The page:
The 2014 Family Business Survey by PWC shows that 1.4 million family business owners are planning to retire over the next 10 years however only 8% of family businesses have robust succession plans in place. 38% of family businesses are planning to sell or float their business and 24% plan to pass it on to the next generation. (source: 2014 Family Business Survey by PWC ).

My Estate Planning Process

    1. Estate Planning Objectives

The most critical aspect of my role as facilitator is helping my clients to work out their objectives or ‘Why’. Failing to get to the bottom of why you need to prepare your estate plan can lead to delays in implementation.

    1. Family

Estate planning starts with exploring your family values and understanding what is specifically important to your family dynamic.

Your own family dynamics make the estate planning process unique to you. By having an understanding of how each member of the family relates to each other, an estate plan can start to be prepared.

    1. Ownership versus control

To be able to distribute your assets to the appropriate people you need to understand how you own your assets. Not all of your assets will form part of your estate when you die and be distributed in accordance with your Will. Your assets maybe owned jointly with your spouse or they may form part of a trust you control or be part of a superannuation fund of which you are a beneficiary. Preparing your own balance sheet where ownership and control is documented is a crucial step in achieving your estate planning objectives.

    1. Life stages

Estate planning is equally as important to everyone regardless of your life stage. As you get older and accumulate more assets you may start to consider gifting of assets to either your beneficiaries or charitable causes.

    1. Review

Estate planning should be regarded as a journey not a destination and be reviewed on a regular basis because it forms the foundation of every decision you subsequently make.

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    1. Collaboration

Estate planning can range from important straight forward tasks such as reviewing and updating of superannuation death benefit nominations, to highly complex tax restructuring work. The best results require collaboration between your trusted professionals advisers. These include lawyers, accountants and financial advisers with one to take on the role as facilitator. No one adviser has all the skills necessary to provide estate planning services without consultation with your other trusted advisers.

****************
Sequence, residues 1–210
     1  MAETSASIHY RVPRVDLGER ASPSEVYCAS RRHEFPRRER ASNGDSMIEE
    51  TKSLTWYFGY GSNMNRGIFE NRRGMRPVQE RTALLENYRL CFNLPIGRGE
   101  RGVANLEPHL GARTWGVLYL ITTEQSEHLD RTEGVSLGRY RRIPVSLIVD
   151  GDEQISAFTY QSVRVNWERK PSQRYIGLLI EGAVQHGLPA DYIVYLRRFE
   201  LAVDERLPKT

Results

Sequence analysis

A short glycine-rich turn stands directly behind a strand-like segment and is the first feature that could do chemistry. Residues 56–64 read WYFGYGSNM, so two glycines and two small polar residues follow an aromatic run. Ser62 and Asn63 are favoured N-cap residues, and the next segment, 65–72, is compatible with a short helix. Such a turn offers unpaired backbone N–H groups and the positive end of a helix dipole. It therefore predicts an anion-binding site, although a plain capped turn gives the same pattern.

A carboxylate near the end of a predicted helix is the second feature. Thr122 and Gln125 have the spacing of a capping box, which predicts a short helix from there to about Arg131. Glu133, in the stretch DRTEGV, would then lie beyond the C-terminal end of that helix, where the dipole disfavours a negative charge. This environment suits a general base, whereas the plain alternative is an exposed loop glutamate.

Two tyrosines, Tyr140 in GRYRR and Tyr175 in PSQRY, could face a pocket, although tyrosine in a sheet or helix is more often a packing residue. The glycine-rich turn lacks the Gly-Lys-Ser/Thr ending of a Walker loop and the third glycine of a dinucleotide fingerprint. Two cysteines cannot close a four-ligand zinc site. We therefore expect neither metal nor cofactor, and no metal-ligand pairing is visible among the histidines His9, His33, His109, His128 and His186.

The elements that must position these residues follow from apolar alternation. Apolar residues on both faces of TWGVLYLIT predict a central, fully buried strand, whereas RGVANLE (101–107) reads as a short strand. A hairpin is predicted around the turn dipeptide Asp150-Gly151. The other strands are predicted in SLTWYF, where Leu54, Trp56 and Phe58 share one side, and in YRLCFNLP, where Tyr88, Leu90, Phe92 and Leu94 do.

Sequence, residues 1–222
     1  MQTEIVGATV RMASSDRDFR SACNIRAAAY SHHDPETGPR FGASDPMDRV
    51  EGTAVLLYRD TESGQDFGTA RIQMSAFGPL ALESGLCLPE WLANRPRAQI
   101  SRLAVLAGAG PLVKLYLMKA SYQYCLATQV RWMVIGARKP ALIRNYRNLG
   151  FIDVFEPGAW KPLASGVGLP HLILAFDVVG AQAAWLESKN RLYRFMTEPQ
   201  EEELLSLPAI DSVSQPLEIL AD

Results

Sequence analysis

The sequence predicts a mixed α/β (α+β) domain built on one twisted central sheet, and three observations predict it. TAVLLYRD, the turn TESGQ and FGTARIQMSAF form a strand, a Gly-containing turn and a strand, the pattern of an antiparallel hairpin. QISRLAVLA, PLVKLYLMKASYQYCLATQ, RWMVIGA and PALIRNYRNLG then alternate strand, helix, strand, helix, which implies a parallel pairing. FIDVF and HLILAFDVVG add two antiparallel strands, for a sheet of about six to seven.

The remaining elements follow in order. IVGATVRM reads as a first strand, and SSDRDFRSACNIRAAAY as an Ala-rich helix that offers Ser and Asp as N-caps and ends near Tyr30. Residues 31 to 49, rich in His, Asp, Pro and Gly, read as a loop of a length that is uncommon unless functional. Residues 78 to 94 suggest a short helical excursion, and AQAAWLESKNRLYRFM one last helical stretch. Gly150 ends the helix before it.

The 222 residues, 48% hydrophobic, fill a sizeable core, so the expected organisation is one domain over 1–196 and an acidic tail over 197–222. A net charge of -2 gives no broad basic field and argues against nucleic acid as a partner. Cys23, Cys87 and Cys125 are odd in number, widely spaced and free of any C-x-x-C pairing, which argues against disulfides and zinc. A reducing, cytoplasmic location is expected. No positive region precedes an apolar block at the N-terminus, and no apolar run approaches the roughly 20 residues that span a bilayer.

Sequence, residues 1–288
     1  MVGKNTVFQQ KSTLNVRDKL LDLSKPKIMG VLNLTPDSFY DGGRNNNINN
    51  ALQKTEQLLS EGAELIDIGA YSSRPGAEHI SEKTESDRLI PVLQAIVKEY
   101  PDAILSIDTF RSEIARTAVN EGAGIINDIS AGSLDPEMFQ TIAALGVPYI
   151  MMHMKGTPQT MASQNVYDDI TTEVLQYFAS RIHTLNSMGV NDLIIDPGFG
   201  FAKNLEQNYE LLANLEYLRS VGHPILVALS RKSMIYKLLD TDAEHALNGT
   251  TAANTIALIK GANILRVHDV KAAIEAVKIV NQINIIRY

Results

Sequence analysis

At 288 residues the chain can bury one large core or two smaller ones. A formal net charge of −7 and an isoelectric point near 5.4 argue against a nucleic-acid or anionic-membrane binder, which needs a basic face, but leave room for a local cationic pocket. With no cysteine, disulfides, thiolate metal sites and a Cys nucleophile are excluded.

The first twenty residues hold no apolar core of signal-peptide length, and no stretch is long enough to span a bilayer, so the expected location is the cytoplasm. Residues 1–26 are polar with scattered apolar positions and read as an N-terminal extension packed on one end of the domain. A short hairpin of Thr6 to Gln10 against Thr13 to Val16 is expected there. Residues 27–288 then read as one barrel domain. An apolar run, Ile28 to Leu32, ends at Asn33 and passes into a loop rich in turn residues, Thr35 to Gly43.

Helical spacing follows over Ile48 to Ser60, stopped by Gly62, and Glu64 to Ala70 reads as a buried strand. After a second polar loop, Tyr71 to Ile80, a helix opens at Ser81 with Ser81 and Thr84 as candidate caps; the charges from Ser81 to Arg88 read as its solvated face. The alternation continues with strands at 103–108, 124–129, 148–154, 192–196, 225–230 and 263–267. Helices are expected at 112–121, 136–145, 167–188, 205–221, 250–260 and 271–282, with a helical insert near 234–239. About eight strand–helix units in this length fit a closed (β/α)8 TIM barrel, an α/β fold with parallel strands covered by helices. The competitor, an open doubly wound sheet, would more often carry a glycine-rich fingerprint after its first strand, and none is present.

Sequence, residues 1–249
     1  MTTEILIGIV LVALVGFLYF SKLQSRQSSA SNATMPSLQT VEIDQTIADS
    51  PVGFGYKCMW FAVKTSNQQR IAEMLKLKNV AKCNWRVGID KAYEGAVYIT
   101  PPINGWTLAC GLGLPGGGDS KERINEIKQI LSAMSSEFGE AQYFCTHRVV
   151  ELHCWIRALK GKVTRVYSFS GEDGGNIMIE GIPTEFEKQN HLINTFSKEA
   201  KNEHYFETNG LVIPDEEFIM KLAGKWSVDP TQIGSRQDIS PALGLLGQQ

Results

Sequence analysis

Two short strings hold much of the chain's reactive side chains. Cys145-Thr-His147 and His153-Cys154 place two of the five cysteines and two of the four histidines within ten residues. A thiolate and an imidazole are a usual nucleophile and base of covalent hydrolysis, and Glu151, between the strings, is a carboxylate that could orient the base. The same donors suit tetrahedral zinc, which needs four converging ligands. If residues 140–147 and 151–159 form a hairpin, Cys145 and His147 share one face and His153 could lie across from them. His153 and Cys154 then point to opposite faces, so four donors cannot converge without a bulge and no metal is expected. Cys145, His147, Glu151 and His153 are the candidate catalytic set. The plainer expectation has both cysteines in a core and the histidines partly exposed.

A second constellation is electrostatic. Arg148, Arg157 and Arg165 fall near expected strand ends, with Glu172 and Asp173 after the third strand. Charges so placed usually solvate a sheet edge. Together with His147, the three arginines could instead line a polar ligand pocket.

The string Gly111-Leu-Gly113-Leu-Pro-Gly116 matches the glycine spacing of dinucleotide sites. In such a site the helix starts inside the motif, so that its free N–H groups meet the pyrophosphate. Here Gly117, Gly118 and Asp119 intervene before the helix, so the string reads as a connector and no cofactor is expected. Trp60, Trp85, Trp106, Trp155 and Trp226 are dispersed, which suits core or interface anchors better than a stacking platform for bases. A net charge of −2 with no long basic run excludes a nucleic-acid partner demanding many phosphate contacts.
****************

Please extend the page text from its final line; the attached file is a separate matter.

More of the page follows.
Working in collaboration produces the best results. Opportunities emerge with the combined input of experts in their fields. It is a rare opportunity to tap into the best available expertise to provide the best outcome for you.

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Building Blocks of Estate Planning

To make your estate plan is legally binding and to provide clarity for you and your family it requires documentation. Depending on you and the level of complexity in your life, these are some of the documents that may need to be prepared to achieve your estate planning objectives.

      • Wills
      • Living Will
      • Ethical Will
      • Beneficiary designations
      • Will trusts
      • Shareholders agreement
      • Buy sell agreement
      • Binding Financial Agreements
      • Mutual Wills
      • Instruction Letter
      • Family Agreements
      • Trust Deeds
      • Binding Death Benefit Nominations
      • Advanced Health Directives
      • Life insurance policies

Key Estate Planning Appointments

Finally a decision as to whom is best suited to implement your estate planning wishes is made. By starting your estate plan and incorporating it into everything you do, you will be able to make the right choice.

      • Executor
      • Power of attorney
      • Guardian
      • Trustees
      • Enduring Guardians

Estate Planning Outcomes

My personal estate -planning journey has evolved to provide holistic financial planning services built on the foundation of estate planning. I continue to find it fascinating how families work and what legacy they would like to leave the next generation. My estate planning knowledge is now far more comprehensive than the single unit I completed by correspondence all those years ago.

The positive outcomes for my clients who have embraced estate planning include:

      • Preservation of family wealth
      • Tax minimization
      • Avoidance of estate disputes
      • Legacy
      • Clarity and reduction of family conflict
      • Preparing beneficiaries for their inheritance
      • Communication of the family story and
      • Preparing for business succession